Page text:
Balance trade by boosting exports through government promotion

Image

import_tax_0The Trump administration is attempting to lower imports in order to rebalance trade after decades of U.S. neglect toward economic relationships around the world.  Rebalancing should not only be done by applying the stick of import reductions, but also by export promotion.

Exports make a firm’s markets grow and change its home nation’s currency value. When U.S. exports increase, the dollar typically goes up in value.Shrinking exports tend to weaken the dollar. Exports also shape public opinion of globalization and offer the opportunity for economies of scale.Higher production volume often means a lower cost of production.Since high exports also make imports cheaper, a firm may achieve lower costs and higher profits, both at home and abroad, through exports.

Continue reading

A Wall: Constrain, Protect, or Lead

Source: ChinaDaily

Picture Source: ChinaDaily- Cracks appear in the Great Firewall of China

“God created the world, the rest was made in China,” sings Lourd de Veyra. The concern about the Asian factory has lingered for decades. Overlooked has been its gradual strategic transformation from imitator to integrator, or even innovator.

Will China overtake the U.S. and become the new No.1 economy of the world? This anxiety seems as misplaced as earlier forecasts such as Japan’s economy surpassing the U.S. by 2000.

Continue reading

Michael Czinkota on Japanese economy, preparation for 2020 Olympics

On August 22nd, Professor Czinkota had a real-time interview with CCTV America’s anchor Jessica Stone to discuss Tokyo’s progress in preparing for the 2020 Games and the impact of Tokyo’s first and newly-elected woman governor Yuriko Koike.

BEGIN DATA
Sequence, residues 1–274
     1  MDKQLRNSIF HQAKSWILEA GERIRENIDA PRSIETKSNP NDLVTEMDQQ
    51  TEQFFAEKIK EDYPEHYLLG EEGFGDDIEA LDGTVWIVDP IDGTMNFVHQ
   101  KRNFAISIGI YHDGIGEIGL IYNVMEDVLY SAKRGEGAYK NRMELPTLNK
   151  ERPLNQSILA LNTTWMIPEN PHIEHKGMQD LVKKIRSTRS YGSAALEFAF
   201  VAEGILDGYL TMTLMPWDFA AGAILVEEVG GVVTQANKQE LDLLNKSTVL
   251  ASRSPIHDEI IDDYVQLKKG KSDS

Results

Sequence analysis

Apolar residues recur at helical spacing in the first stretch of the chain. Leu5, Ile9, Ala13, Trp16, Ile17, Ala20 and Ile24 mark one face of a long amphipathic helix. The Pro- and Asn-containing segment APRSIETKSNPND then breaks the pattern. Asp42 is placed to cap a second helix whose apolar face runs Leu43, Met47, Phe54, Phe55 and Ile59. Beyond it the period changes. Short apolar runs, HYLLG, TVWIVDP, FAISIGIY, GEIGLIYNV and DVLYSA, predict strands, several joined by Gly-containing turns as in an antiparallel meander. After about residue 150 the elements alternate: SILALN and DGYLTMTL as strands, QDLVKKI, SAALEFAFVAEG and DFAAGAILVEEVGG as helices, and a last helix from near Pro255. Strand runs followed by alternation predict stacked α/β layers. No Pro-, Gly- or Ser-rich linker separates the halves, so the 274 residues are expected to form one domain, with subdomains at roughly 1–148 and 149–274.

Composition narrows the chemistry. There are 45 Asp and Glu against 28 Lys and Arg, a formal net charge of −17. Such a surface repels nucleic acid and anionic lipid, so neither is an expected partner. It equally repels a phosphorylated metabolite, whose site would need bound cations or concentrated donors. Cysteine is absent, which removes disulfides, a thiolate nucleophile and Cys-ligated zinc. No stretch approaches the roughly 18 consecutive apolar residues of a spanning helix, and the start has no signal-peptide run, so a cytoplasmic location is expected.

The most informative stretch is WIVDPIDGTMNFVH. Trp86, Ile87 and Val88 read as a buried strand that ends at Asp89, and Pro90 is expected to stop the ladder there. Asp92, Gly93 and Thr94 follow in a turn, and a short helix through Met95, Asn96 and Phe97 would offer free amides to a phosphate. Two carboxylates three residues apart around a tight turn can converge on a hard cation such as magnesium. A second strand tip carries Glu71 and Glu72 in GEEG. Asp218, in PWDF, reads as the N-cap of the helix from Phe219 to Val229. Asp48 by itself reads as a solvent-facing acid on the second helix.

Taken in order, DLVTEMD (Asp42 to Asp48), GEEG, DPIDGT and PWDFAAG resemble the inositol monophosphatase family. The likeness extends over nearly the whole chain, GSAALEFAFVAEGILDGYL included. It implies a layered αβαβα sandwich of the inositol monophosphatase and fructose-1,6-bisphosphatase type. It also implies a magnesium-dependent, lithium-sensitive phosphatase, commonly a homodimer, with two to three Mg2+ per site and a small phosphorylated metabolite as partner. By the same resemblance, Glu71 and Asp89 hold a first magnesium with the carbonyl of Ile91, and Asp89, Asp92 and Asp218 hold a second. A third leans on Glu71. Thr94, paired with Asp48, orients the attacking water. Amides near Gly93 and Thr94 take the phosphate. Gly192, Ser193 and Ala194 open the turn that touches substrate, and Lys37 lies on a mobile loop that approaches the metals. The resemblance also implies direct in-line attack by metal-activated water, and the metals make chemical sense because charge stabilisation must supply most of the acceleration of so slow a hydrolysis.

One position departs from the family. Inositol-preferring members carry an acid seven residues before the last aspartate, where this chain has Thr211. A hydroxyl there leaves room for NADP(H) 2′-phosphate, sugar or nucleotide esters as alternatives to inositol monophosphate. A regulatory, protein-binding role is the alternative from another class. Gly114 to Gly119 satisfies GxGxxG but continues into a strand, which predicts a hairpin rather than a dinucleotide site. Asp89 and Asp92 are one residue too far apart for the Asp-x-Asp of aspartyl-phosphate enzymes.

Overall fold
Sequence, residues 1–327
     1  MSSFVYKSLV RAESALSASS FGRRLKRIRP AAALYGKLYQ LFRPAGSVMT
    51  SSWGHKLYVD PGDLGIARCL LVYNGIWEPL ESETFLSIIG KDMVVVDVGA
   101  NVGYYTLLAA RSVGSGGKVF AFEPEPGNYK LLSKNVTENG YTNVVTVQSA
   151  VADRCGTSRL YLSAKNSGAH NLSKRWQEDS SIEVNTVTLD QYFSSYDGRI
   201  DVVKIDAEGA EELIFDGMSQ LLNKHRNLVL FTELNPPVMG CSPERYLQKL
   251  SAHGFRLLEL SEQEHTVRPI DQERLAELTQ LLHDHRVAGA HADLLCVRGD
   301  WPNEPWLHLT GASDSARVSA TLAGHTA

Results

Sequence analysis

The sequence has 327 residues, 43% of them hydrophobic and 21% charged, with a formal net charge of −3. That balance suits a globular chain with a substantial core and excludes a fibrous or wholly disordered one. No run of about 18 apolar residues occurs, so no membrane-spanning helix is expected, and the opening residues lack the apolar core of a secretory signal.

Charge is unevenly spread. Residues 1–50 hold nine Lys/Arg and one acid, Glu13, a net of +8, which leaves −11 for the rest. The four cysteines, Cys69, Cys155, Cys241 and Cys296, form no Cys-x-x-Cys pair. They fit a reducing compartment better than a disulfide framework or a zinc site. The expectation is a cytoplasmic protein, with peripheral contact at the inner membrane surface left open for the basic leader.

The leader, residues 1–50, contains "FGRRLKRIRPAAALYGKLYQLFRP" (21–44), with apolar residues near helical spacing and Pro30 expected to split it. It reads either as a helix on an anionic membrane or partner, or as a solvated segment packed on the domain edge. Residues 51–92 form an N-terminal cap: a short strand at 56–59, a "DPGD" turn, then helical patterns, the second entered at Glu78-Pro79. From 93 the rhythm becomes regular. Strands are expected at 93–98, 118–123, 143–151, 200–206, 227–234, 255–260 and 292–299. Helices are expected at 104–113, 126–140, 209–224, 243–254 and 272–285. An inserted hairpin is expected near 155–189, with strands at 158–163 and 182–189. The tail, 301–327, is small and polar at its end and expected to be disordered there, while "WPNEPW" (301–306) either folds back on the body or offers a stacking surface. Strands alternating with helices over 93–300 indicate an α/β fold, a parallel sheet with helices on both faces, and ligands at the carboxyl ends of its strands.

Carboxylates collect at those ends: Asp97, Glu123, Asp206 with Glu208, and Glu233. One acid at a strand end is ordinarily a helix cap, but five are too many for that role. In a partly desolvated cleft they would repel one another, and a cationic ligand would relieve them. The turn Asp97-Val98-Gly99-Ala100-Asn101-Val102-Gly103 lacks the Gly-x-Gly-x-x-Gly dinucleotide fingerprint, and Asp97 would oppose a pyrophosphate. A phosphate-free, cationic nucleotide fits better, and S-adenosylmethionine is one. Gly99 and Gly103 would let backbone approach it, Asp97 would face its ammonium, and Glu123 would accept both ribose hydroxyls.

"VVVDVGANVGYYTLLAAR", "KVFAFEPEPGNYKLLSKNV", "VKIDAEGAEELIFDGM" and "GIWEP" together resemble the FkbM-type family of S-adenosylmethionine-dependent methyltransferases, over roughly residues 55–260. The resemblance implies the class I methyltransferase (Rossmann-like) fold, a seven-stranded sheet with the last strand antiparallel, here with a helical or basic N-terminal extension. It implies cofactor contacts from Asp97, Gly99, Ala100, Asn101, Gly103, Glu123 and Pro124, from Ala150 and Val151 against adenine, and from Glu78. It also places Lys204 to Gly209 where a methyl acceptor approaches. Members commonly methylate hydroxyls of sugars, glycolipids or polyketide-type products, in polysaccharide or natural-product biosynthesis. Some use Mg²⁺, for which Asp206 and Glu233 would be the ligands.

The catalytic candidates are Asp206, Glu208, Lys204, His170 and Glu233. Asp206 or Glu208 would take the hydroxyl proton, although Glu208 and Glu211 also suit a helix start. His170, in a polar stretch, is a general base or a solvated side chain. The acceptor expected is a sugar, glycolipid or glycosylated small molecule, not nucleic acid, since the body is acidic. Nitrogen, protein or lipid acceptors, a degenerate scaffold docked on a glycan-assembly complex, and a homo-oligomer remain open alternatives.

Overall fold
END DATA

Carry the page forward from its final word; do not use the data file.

Read more information on this topic here.

Shame Curbs Bad Behavior

In China, no one is safe on March 15th, World Consumer Rights Day. An Evening Gala is hosted every year by CCTV, China Central Television since 1991. The purpose is to name and shame companies for their misconduct against consumer interest.  In decades past, firms like Starbucks, LG and Hewlett-Packard have been called out when offering poor products or irresponsible customer service. Many Chinese companies and state-owned enterprises like China Mobile have been inducted in this Hall of Shame as well.

This year, the Evening Gala aimed mainly at the misconduct in E-Commerce and Social Media. According to the State Ministry of Industry and Commerce, during this gala, Elema, a billion-dollar food delivery company, was shamed for making food under unsanitary conditions; Yipai (Easy Pass), China’s leading online automobile marketing platform, was accused of hurting consumers by providing personal   information to outsiders; Taobao, the biggest online shopping website founded by technology giant Alibaba, was  named for fraudulent consumer reviews which influenced product  rankings.  The Gala quickly became a battle cry for corporate PR teams, who had to come up overnight with explanations and damage control.

Will these allegations curb bad behaviors in companies and individuals? The answer seems to be “yes”. A new law prohibits indoor smoking in Beijing.  Individuals breaking these regulations can be fined $30, restaurants up to $155. In addition to the fines, repeat offenders see their names posted on a government website for one month, alongside a list of their offenses. Witnesses to infractions are urged to notify the government. Social shaming pressure is expected to make the new law more effective – and it works!

Shame can be used to focus attention on some “bad apples”, especially when it comes to major collective problems. It helps to be creative and focused when choosing targets. Companies, such as British Petroleum or SeaWorld, do not feel guilt. However, the people working in these corporations do. Their thoughts and behavior can be influenced by public disapproval and even mortify them. Public opinion can be essential for companies, especially if they are producing consumer brands, such as IPhones or agile Orcas. Reputational risks are a concern, and public shaming can be most effective if targeted at ”friendly” corporations and their employees.

One must ponder the question: can “shame” really work in implementing government policy? Jennifer Jacquet, author of Is Shame Necessary?, claims success for a website run by the state of California that lists the names of people who have not paid their taxes. The site targets only the top 500 delinquents, and the state has retrieved more than US$395 million in back taxes since it was launched in 2007.